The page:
by Joseph Shieber
I want to begin with a parable.
There once was an itinerant salesman by the name of Osip, who made his living selling rags and trinkets in the little villages that lay in the triangle between Smolensk, Minsk and Kiev. He spent his weeks and months traveling between the major cities, finding what he could in one location and selling it on in the next.
One of Osip’s rivals was a man named Mendel, who also plied the same routes selling rags. It was a constant struggle between the two of them to see who could find the better wares, or sell them for a better price.
Now, once, as Osip was traveling on the route from Minsk to Orsha, he happened upon a group of brigands outside of the town of Barysaw. Luckily for Osip, he had spent all of his money in Barysaw, buying new wares, and the brigands were interested in coin, not merchandise, so they let him pass.
When Osip reached Orsha, he encountered Mendel, preparing to make the reverse journey from Orsha to Minsk, and laden with coin to purchase wares along the way, before selling them on.
Now, there are two main routes from Orsha to Minsk. The more direct of the two was the one that Osip had just traveled, passing by the brigands outside of the town of Barysaw. The other is a good bit longer, as one must first head south to Mogilev, before then heading west to Minsk.
As Osip encountered Mendel, then, he faced a quandry. Should he do the right thing, and warn Mendel about the brigands that he would encounter if he took the more direct route? Despite his rivalry with Mendel, Osip was determined to do the right thing.
But now Osip faced a second challenge, of a more practical nature. If he simply warned Mendel, and told him about the brigands, there was little doubt that Mendel would assume that Osip was lying to try to trick him into taking the longer route that went through Mogilev. Osip, however, had an idea.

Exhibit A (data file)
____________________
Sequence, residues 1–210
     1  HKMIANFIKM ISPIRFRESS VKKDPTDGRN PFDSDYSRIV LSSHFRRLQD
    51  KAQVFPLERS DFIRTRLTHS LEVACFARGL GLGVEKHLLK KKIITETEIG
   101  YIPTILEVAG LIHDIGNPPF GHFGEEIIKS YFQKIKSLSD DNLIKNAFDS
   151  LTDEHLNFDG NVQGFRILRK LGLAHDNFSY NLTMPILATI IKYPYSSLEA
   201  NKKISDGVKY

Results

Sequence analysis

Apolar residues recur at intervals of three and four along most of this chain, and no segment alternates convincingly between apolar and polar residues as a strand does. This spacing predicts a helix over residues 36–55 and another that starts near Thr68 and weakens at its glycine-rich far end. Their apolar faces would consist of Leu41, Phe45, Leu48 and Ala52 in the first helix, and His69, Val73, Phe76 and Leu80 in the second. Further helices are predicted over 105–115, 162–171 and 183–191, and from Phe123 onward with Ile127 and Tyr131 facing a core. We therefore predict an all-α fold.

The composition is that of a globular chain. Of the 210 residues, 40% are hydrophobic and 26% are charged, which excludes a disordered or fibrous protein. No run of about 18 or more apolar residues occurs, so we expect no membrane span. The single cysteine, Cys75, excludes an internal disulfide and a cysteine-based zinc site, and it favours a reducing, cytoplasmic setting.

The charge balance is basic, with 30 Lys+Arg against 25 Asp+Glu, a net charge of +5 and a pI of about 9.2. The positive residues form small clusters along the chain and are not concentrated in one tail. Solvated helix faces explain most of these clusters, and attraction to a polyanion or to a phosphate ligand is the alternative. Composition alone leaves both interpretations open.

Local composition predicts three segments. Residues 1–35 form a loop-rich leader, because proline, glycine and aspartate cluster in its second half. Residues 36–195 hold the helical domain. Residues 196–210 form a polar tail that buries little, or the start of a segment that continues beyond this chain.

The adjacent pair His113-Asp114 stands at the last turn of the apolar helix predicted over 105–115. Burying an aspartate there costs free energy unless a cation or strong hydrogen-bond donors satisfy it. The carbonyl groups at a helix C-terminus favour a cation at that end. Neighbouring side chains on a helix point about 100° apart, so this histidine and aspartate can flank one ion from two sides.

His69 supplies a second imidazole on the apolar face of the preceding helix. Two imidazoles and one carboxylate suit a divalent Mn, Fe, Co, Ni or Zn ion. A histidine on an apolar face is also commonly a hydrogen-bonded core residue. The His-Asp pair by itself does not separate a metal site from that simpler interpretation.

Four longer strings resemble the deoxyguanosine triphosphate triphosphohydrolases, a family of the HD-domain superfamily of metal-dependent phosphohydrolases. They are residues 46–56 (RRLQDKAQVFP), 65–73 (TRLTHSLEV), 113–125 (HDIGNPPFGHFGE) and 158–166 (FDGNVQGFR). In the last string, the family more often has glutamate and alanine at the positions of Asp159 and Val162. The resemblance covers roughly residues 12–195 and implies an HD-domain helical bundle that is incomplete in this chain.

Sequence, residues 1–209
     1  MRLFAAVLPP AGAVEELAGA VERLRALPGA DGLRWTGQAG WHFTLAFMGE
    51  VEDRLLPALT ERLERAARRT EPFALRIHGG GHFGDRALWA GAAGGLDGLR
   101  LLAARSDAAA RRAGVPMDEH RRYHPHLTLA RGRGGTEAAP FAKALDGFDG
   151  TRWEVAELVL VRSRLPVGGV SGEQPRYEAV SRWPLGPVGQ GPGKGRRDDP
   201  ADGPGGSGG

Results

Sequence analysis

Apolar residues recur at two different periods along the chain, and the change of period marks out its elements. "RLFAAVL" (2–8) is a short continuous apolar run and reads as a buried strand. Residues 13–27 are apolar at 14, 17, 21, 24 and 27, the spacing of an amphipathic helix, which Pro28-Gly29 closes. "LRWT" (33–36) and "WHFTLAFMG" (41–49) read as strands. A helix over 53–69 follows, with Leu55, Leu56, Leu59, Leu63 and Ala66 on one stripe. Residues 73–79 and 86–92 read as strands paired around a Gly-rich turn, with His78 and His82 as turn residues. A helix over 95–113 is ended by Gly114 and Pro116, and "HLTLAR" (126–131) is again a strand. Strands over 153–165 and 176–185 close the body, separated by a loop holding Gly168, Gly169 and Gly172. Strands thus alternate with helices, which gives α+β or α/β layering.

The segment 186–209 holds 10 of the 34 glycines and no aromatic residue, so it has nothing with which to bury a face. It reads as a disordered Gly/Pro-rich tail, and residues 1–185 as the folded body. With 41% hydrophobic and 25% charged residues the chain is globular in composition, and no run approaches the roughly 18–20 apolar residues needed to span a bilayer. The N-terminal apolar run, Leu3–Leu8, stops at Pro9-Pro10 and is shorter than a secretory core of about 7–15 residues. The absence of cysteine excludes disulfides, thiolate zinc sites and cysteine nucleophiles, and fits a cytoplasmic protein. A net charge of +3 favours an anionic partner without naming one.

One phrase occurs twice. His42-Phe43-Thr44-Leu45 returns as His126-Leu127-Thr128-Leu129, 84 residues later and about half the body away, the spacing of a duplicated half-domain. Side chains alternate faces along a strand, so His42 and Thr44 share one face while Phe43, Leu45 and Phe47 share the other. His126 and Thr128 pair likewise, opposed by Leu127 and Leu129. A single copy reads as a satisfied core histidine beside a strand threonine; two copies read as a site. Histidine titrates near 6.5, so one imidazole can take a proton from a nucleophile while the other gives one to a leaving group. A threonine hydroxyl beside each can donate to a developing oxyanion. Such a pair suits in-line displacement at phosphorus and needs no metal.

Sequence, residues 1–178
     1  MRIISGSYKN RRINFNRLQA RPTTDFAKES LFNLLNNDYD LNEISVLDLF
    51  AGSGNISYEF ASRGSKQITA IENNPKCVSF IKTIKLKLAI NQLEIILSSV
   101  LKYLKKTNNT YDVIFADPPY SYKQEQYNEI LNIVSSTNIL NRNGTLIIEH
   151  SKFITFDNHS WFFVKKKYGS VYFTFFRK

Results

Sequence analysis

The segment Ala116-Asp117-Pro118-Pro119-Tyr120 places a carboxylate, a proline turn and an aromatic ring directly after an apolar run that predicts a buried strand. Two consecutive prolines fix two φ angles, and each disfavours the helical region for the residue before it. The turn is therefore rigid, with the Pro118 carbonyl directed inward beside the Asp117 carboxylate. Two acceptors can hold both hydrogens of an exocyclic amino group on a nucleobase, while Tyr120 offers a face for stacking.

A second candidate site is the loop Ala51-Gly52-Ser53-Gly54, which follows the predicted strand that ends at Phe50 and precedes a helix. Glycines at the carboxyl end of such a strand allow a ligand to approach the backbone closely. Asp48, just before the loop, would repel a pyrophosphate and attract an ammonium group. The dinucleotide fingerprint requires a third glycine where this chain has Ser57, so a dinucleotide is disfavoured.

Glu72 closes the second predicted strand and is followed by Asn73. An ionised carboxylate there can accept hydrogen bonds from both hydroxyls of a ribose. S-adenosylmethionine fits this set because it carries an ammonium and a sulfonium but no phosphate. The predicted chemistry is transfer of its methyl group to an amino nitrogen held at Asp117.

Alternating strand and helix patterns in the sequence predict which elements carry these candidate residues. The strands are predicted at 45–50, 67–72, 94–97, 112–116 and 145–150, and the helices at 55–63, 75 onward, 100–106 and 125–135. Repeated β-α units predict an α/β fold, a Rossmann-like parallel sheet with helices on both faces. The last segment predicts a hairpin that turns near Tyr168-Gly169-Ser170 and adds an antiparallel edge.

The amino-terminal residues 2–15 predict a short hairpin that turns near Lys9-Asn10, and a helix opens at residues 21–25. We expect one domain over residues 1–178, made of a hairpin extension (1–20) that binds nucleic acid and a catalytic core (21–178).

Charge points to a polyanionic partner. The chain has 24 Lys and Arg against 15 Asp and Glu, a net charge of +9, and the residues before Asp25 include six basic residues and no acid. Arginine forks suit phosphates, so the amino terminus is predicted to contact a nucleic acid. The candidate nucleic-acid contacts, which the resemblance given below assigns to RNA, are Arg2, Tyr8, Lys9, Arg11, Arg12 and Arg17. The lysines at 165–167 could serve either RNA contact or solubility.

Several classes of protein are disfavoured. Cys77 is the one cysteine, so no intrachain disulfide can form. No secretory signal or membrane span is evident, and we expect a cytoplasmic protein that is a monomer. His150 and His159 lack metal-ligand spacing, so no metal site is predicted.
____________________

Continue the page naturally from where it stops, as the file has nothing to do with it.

“Nu, Osip,” said Mendel. “Just arriving from Barysaw? Were the pickings good?”
“No, Mendel,” Osip replied. “I traveled through Mogilev, and as you see I bought up the best stock. I was lucky, too. Just as I departed I saw a gang of brigands setting up to ambush travelers on the road from Mogilev to Orsha. On your travels you should be sure to choose a different route.”
“Ah, Osip,” Mendel cried. “Do you take me for a fool? The route through Barysaw is the faster route from Minsk to Orsha. You must have seen the brigands along that route, or else you heard that the stock in Mogilev is indeed good, and want to get there first yourself by sending me elsewhere. Either way, your plan won’t work. I will take the route to Mogilev.”
And with that, Mendel proceeded to take the route toward Mogilev, on his way to Minsk. As Mendel passed him, Osip smiled to himself, happy that his deceit had saved his rival from a terrible fate.
I wrote the parable myself, but I don’t have any illusions about its originality. In fact, I have the strong feeling that I read a story almost exactly like it, but I was unable to recall where.
The basic message, of course, is that it is possible for someone intentionally to utter a falsehood with the further intention of getting his hearer to believe something true. And though that message has a faint air of paradox, it really shouldn’t be all that surprising. Read more »